This week: The Iron Horse Brew Pub, a.k.a. the I-Ho

What you’re drinking: In honor of Missoula’s impending spring fever, the Tulip seemed like a solid choice this week. Billed as “an Iron Horse favorite,” this refreshing little ditty blends Absolut Vodka with Bols Black Raspberry Schnapps and a decent helping of lemonade. The Tulip balances out some of the Iron Horse’s hotter menu items, like the Kansas City BBQ sandwich, without losing its springtime flavor. Sorority girl connotations aside (the mixer proves a welcome alternative to the standard vodka-cran), the Tulip hits the spot when the sun starts its annual teasing routine.

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Thursday, March 17, 2011

Catlin Trail opponents win battle, but fight not officially over

Posted By on Thu, Mar 17, 2011 at 4:07 PM

Opponents of the proposed Catlin Trail development declared victory yesterday after nine members of the Missoula City Council unanimously voted against investor Steven Sann’s request to increase density on his two-plus-acre property behind the Good Food Store.

“I just started smiling and I couldn’t stop,” says Jeremy Watterson, who lives close to the proposed project.

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Wednesday, March 16, 2011

Al Jazeera hits Helena to cover wolf debate

Posted By on Wed, Mar 16, 2011 at 3:10 PM

The global news network Al Jazeera stopped in at Montana's capitol recently to get the skinny on the state's debate over gray wolf management. Featured in their coverage were ranch couple Richard and Druska Kinkie, Defenders of Wildlife Rocky Mountain Region Director Michael Leahy and Montana Sen. Debby Barrett, R-Dillon. Barrett introduced three bills this session aimed at revising state management procedures regarding large predators.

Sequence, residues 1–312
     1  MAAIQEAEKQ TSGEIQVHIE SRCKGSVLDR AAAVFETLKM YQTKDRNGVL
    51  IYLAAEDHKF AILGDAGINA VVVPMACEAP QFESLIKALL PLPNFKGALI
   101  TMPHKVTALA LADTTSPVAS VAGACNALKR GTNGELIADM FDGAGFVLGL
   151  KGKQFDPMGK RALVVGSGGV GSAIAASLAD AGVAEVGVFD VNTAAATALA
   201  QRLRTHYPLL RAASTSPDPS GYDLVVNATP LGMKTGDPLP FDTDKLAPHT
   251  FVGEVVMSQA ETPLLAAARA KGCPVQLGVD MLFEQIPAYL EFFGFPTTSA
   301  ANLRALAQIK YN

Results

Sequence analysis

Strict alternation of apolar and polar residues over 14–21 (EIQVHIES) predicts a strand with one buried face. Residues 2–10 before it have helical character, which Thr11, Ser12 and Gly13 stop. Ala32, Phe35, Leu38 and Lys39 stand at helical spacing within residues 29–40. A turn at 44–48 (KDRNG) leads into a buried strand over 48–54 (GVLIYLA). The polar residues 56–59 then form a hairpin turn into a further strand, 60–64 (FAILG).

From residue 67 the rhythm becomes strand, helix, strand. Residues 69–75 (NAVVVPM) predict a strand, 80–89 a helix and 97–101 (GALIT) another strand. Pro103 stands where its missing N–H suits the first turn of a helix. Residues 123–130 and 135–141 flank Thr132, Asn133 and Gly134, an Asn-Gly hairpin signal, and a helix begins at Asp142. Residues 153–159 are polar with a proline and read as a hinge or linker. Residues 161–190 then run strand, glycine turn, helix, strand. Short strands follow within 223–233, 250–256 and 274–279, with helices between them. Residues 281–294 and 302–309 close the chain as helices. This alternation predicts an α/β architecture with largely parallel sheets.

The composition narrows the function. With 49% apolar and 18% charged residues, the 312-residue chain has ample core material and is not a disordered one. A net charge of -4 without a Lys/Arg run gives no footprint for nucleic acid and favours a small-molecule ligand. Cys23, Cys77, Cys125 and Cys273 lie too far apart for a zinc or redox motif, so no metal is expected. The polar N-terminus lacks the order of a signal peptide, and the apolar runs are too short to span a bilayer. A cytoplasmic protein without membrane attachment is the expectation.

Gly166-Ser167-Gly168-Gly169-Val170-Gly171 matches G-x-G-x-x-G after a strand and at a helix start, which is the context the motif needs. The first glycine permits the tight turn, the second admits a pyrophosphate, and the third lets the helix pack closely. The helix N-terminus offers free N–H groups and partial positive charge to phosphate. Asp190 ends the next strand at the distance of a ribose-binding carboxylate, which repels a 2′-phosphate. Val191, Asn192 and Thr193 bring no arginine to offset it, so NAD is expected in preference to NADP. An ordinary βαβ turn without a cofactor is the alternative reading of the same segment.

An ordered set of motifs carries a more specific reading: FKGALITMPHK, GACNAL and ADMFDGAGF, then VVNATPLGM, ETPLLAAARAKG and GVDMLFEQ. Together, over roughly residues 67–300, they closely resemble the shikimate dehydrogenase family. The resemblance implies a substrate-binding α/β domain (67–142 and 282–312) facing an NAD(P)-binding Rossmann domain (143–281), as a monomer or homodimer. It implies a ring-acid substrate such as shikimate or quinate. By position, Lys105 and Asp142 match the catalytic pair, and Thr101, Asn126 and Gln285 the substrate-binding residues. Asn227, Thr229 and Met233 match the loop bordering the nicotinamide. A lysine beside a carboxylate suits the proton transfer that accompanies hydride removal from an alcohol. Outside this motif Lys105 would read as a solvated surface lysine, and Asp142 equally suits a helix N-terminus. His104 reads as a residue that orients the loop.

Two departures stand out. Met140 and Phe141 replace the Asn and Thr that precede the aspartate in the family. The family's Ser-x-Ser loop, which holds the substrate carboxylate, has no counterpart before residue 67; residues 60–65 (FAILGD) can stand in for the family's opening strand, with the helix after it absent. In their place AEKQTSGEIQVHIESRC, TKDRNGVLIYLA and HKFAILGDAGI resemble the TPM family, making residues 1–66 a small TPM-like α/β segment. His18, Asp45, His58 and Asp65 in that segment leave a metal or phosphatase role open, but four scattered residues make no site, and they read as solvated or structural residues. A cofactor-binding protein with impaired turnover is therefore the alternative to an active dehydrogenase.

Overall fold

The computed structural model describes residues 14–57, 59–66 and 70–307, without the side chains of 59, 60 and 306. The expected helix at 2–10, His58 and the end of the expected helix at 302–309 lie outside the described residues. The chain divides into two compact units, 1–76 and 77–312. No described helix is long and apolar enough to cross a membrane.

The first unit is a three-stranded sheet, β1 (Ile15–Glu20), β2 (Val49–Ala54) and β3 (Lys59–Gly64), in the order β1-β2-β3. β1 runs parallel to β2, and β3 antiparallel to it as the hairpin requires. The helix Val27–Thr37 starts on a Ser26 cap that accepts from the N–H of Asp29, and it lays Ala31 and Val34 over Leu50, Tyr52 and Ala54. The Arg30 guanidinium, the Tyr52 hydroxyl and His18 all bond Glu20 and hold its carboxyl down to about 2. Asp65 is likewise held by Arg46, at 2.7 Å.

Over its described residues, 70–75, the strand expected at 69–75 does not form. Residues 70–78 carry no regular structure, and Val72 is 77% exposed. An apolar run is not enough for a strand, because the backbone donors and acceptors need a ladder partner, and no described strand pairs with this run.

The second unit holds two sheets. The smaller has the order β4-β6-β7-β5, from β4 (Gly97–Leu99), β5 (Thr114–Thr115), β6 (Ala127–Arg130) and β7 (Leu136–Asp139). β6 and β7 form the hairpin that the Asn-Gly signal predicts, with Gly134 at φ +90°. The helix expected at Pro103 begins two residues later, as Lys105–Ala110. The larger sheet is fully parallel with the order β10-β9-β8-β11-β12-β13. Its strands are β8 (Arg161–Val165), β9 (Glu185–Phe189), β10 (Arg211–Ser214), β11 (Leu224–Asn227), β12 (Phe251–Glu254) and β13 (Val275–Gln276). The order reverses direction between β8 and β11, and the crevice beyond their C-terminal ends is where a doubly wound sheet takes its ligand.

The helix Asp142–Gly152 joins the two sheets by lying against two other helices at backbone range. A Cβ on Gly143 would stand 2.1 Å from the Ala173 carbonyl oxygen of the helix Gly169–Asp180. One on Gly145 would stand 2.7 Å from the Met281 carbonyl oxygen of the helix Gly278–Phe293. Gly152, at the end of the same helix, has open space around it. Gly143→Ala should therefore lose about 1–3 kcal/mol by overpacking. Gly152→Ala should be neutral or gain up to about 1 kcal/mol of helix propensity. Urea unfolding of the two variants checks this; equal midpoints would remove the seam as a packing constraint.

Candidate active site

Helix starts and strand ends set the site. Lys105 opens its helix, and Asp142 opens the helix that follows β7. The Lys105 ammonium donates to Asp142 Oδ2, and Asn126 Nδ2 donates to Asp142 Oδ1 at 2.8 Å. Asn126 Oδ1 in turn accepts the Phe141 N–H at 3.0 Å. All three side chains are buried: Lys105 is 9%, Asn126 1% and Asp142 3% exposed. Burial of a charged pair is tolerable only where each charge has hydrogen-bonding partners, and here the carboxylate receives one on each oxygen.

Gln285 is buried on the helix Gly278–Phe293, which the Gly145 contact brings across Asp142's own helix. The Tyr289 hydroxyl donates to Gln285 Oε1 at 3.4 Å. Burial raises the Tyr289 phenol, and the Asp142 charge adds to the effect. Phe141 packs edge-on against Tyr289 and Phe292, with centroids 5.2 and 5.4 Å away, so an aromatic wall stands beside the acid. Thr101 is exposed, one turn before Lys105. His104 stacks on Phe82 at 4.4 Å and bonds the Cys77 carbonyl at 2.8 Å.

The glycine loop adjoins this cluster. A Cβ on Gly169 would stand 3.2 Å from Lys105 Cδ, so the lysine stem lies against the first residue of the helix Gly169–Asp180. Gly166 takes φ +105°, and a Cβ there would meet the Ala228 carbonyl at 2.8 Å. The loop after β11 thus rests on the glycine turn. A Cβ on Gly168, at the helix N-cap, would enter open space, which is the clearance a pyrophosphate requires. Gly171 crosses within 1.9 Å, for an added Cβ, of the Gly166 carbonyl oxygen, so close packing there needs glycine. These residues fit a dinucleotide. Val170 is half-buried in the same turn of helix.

Looks like the question of handing wolf management responsibilities over to state agencies is gathering international attention. Check out the video.

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This week's protest: protecting medical marijuana

Posted By on Wed, Mar 16, 2011 at 11:51 AM

In the aftermath of Monday's federal raids of medical marijuana providers across the state, Montanans for Responsible Legislation (MRL), Garden Mother Herbs and Zoo Mountain Natural Care have planned a unity march in Missoula for Saturday, March 19, at "high noon." (Their words, not mine.)

The march, titled "Out of the Shadows, Into the Streets," will start at Caras Park and end up at the county courthouse. MRL founder Doug Chyatte and local herbalist Katrina Farnum will address the crowd, calling for officials to respect Montana voters' rights.

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Your future, a little early

Posted By on Wed, Mar 16, 2011 at 9:00 AM

Find Rob Brezsny's "Free Will Astrology" online, every Wednesday, one day before it hits the Indy's printed pages.

ARIES (March 21-April 19): Like Bob Dylan in his 1962 song “A Hard Rain’s A-Gonna Fall,” you’ve done a lot of rough and tumble living lately. You’ve “stumbled on the side of twelve misty mountains.” You’ve “stepped in the middle of seven sad forests.” You’ve “been out in front of a dozen dead oceans.” Maybe most wrenching of all, you’ve “seen a highway of diamonds with nobody on it.” The good news is that the hard rain will end soon. In these last days of the downpour, I suggest you trigger a catharsis for yourself. Consider doing something like what Dylan did: “I’ll think it and speak it and breathe it / And reflect it from the mountain so all souls can see it.”